Is the Laborer in Fault ? It has been said by a vigorous clerical writer that the laborer's iscontent is merely a survival from the “bad, old, black past," when e really had something to complain of. All that has long gone by. : is the laborer's “evil temper” that still “provokes masters to harsh veasures, harsh words, driving, and all such seemingly needless reguitions as the command to keep no fowls or pigs, the tied cottages, nd the domineering tone." All this is the laborer's fault, says the riter. Things are not now as they were in the times when “laborers ere scornfully trampled on-and when the Church, cowed and faith:ss, was as little inclined as the State to help their condition." All that gone by. Farmers and parsons have undergone a wonderful change. ike the Homeric hero they “ boast that they are a great deal better aan their fathers." But the laborer is bad indeed. The charactertics of the laborer are “shirking, dishonesty and negligence. Tom, Dick and Sam abuse their employer, sit under the hedge when e is out of sight, steal his corn and meal, leave his horses harnessed nd go off drinking, teach him that they have no love or gratitude, ut only fear.” The coloring suggests the moral complexion of a hain-gang. He might have adopted the words which Mr. Sam Veller in Pickwick puts into the mouth of a "wirtuous clergyman." He's a malicious, bad-disposed, worldly-minded, spiteful, windictive reetur, with a hard heart as there ain't no soft'nin."

Dur“ wirtuous clergyman" in this case pronounces the rural, illages to be in a state of utter decay, and exhorts us to build our opes for the future entirely upon the progress of our urban populaion. Villages and villagers are played out.

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Well, I dissent entirely. I am no believer in sudden and unit telligible changes. Farmers are much what they were sixty year ago. Clergymen are not so very different. The cut of their coats altered, that is about all. Their intentions are as good as ever 2 the influence they exert exactly as bad, as far as the independers and manliness of their poor parishioners is concerned. And of laborer is what these have made him. He is still, as he has so los been, like an eel on an eel spear. He can wriggle, but that is abou all. Until he is set free we can't expect anything very great of Es in the way of moral improvement. But his good qualities are on dormant, held in abeyance till the winter of his discontent is made glorious summer by the sun of—Land Reform. At any rate, whe ever he is, it is the social and economical system of England that is made him so. He has been crushed under an intolerable presset and until that is removed we must expect his faults to be of the grovelling sort. Give him opportunity and he will be erect, and faults will probably be what they were in Froissart's time.

How the Laborer Lives. Let us give one comprehensive glance to the conditions under which the laborer mostly lives, and under which some people exper him to cultivate all the Christian graces. A miserable cottage whid as a tenant-at-will he can only repair or improve at the risk of bi outlay in labor or in money being appropriated by his employer.. life of constant hardship, wages even now barely sufficient for ford fire and clothing, the proud man's contumely, the want of hope that long vista of thankless drudgery through which the eye looks on to rest finally upon the workhouse, the absence of anything li social enjoyment, the tyranny of drink, the capricious restrictice upon personal liberty of action which his employer may at pleasure impose, and to which he must submit or go. It is a gloomy picture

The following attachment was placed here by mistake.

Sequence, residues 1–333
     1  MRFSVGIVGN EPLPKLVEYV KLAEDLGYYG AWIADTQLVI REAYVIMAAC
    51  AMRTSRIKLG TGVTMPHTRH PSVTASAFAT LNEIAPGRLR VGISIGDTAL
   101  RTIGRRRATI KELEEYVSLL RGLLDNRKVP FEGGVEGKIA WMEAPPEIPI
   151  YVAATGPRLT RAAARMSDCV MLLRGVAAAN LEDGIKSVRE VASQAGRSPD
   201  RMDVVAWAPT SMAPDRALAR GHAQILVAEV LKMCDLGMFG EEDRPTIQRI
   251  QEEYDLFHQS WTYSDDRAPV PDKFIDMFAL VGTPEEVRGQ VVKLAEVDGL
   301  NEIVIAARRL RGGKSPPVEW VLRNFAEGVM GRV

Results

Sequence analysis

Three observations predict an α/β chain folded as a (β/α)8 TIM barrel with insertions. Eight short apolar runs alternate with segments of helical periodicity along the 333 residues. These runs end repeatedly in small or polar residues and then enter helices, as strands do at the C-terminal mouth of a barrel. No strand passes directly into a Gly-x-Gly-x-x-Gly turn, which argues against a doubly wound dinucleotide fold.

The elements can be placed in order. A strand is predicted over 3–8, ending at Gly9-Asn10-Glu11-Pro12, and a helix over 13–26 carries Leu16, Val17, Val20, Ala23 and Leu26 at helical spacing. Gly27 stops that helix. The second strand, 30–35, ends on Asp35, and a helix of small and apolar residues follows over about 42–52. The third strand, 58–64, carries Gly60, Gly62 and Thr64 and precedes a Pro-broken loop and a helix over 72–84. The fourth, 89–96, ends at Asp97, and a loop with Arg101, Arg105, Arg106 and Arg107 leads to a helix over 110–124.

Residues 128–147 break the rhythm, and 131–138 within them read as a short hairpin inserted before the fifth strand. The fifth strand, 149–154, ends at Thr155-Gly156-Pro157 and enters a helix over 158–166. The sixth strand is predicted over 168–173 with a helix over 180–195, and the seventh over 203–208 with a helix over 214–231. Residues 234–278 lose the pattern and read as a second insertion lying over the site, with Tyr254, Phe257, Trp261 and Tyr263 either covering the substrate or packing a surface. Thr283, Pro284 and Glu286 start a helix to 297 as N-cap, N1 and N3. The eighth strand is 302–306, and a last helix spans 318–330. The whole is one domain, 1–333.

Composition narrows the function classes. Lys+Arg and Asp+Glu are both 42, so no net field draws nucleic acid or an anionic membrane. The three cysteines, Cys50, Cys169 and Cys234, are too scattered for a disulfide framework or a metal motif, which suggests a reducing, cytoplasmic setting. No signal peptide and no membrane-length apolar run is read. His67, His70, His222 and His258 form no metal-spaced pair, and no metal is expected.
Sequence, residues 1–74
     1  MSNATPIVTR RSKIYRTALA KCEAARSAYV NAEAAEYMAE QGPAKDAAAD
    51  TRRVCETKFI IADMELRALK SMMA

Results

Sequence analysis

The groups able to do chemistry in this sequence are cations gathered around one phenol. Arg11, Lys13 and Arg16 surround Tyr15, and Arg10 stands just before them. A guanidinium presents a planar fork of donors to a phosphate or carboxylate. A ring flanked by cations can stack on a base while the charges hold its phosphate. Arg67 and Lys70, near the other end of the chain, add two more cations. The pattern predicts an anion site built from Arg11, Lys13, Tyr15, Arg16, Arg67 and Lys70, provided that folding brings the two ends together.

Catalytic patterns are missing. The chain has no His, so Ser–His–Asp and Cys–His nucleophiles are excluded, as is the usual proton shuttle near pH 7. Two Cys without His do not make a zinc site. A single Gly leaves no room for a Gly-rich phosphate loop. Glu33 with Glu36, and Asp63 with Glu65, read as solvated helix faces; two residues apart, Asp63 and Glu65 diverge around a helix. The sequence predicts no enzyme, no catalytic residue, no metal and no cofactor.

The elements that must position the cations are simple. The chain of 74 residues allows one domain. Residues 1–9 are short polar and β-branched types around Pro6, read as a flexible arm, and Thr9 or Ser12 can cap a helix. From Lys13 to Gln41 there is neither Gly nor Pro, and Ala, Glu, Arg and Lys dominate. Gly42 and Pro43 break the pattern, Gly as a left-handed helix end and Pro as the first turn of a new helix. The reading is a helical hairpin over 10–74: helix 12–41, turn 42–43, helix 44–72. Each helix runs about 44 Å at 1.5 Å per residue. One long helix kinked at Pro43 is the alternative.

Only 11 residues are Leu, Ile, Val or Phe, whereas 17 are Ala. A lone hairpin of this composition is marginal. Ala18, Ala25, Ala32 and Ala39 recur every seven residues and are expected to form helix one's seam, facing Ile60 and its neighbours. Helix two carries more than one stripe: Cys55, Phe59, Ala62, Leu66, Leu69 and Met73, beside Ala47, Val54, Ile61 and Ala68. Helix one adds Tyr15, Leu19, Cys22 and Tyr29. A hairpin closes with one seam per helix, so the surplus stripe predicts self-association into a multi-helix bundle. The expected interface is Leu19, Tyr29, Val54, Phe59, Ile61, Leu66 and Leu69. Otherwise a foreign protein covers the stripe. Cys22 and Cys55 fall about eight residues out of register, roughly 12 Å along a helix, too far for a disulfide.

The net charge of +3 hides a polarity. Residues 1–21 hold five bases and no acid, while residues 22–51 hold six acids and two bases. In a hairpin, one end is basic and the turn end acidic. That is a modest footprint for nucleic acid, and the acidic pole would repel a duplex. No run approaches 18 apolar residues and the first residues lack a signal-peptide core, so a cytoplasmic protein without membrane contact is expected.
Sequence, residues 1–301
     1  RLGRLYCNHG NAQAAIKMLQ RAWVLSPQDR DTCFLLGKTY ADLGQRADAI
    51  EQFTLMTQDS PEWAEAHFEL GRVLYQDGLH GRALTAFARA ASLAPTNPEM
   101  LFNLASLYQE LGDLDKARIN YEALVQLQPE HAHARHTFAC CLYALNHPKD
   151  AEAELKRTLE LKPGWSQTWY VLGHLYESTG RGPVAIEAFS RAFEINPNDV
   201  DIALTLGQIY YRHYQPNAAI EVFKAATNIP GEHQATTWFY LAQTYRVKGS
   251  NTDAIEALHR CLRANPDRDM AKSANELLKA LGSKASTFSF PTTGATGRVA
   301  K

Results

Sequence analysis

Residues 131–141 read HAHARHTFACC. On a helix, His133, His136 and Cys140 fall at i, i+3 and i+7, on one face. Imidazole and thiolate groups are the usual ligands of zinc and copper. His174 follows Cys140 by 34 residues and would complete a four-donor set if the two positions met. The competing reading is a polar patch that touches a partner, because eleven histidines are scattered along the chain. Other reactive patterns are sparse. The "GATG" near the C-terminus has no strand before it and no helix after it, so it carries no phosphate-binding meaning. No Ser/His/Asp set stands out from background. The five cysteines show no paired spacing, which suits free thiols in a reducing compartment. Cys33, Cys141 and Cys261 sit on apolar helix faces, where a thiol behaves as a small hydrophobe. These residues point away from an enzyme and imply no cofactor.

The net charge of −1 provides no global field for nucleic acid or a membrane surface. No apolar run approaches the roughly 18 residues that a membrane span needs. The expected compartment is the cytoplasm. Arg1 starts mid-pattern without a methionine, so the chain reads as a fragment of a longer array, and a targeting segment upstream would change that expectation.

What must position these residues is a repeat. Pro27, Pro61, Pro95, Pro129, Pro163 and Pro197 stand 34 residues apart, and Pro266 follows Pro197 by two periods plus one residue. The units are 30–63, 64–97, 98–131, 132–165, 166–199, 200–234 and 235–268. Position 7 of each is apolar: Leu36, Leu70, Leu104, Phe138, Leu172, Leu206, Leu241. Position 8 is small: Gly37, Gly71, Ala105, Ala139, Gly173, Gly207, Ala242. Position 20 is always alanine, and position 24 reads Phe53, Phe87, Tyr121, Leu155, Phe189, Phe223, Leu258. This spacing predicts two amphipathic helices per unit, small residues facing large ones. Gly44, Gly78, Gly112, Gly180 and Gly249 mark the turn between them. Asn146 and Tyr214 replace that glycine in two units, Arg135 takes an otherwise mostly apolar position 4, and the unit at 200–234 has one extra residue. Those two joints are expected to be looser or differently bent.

The strange thing is that up to so comparatively recent a time Englishmen should have accepted a life like this, a life still wors than this, as their natural doom, exactly as an Esquimaux may subci ụnrepiningly to the rigors of an Arctic climate. An Esquimar wants more seals; ice and snow and darkness are matters of course So Joseph Arch's men wanted more wages, they had no dislikes their occupation or the hardships inseparable from it. The best o them had doubtless the same pride and pleasure in their work whic every skilled craftsman finds in the exercise of his skill. A grea change has passed over the laborer in this respect. Tillage in al: branches appears to most of them sheer drudgery, absolutely ct interesting if not positively hateful. No mere rise of wages alter this.

Skilled Labor and Farm Wages. I do not think I can put this more forcibly before you than condersing here a conversation I had a month or two ago with a me of the highest farming class, engaged in the management of one those immense farms which seem to me to be the ruin of England

It was a very favorable specimen. The management was evidenti liberal, the owner, I believe, personally kindly. But the system 1